Step 8: Mention other credits if you have them which may include credit such as education, elder or disabled person, adoption, foreign tax, business interest, mortgage, electric vehicles, retirement savings, and health coverage tax. Click on “continue.”
NOTE: If you file all of the above credits, then you are expected to receive smaller refunds that will be shown under your result section.
Step 9: Fill the requisite information in the ‘Income and Withholding’ section that includes:
Wage Income and Withholding that will consist of your bonuses, wages, Federal Income Tax, Income Tax withheld on your last payment, etc. for all your jobs of the year.
- Non-Wage Income including a total of the other taxable and earned incomes (including tips or any compensation), dividends or interests received, and unemployment compensation
- The adjustments will include the education loan interest and deductible IRA contributions
Click on “Continue.”
Step 10: The next section will include any of your deductions. If your standardized deduction is ($12000) or more than your overall item wise deductions, then the standard deduction applies when calculating you’re your withholding amount.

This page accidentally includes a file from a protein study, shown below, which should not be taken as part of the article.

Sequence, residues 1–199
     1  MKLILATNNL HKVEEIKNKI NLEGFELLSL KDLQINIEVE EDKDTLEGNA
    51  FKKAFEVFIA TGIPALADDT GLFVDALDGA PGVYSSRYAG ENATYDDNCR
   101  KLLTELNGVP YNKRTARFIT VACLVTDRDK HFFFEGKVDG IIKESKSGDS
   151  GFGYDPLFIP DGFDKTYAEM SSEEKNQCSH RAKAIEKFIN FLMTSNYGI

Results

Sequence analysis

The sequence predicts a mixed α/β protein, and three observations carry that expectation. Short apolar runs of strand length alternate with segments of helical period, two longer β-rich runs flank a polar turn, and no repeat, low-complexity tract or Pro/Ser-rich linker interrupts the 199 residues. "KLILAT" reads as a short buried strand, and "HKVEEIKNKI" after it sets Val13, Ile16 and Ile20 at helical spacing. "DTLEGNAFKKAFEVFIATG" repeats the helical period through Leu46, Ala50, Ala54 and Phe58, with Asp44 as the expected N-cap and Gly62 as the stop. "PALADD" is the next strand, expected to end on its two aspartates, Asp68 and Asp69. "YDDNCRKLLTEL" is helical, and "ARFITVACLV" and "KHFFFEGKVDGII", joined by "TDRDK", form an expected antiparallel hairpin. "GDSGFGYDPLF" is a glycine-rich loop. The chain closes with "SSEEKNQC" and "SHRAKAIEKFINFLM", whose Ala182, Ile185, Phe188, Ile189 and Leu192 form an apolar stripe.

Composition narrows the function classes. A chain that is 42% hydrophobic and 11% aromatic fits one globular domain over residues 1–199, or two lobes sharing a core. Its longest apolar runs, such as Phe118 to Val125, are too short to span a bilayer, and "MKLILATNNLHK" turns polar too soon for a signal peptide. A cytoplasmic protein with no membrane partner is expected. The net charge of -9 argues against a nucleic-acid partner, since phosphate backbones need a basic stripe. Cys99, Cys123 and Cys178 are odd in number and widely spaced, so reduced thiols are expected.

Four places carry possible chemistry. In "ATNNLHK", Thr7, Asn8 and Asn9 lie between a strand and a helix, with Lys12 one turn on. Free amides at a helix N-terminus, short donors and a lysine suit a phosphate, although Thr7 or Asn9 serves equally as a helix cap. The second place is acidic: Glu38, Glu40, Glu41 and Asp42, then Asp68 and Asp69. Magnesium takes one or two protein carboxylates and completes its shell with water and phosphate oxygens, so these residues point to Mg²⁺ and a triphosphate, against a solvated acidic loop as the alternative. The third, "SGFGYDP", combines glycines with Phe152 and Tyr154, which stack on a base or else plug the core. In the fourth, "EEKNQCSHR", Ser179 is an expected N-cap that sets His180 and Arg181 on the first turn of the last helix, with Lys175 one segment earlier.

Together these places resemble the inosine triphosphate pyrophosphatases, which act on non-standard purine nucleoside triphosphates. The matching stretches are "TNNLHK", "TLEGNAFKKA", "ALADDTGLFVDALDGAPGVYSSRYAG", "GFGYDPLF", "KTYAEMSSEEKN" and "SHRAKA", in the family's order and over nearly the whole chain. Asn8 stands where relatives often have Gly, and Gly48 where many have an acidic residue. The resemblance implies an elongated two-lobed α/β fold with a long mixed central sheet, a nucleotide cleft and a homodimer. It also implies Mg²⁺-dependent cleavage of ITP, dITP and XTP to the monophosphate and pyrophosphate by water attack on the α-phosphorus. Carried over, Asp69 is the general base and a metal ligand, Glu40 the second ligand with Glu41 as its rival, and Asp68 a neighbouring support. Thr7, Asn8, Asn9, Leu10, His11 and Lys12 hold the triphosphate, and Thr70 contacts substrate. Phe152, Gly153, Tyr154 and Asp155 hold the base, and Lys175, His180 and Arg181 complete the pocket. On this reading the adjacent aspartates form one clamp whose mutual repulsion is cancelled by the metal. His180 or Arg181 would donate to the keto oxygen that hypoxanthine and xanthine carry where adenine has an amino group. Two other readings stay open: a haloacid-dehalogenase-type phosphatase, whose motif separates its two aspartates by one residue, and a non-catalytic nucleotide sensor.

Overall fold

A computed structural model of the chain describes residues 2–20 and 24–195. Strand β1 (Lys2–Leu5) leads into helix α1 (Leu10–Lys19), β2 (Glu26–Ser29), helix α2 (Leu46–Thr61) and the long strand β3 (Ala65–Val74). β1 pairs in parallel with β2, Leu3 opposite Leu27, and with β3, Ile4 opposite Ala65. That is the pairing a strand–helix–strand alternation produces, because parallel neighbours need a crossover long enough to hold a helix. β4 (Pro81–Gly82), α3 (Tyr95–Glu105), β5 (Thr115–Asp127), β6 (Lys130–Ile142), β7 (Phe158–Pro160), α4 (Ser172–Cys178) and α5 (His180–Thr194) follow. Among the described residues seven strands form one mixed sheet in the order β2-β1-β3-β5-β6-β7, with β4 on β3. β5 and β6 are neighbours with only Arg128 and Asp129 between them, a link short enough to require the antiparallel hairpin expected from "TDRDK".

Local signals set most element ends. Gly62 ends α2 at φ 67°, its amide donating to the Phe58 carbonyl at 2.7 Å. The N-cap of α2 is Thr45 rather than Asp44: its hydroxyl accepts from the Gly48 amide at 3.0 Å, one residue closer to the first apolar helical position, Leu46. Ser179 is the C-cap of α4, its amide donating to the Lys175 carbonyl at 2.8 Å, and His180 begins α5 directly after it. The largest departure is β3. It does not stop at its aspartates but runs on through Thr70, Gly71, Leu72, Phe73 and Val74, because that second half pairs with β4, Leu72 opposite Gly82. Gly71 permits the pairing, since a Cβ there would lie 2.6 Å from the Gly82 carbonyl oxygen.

If you want to use itemized deductions for calculating the withholding amount, then check the box provided and enter the amount for medical and dental expenses, paid tax, paid interest, charity, casualty loss, and other items.
Here are a few points to notate while mentioning itemized deduction.
- The standard deduction will be $1600 more in each case – age is 65+ or blind
- Medical and dental expenses are eligible only if it exceeds 7.5% of your adjusted gross income.
- You can claim tax up to $10000.
- Home mortgage interest depends on the time when you buy. For more details, refer to these notes.
- A casualty loss is eligible for the disaster declared by the government.
- You can claim any gambling losses in other deductions.
Step 11: Now click on “Continue,” and the results section will show you your accurate summary.
If you have any concerns regarding your withholdings, either check it out with your employer or get IRS Help from a tax expert.
You should check your tax withholding amount before the beginning of next year.
2.Married Filing the Joint Return
Step 1: If you are married and wish to file return jointly, then choose “Married filing joint return” option.
Step 2: Since you are married, you should select the “No” option in the dependent section. You can only check “YES” if you are looking forward to claiming the refund of the taxes paid. You need to enter your dependent details in the subsequent steps.
Step 3: Click on “Continue”
Step 4: Follow the same steps 4 to 11 as mentioned for the “Single” status except for the following changes.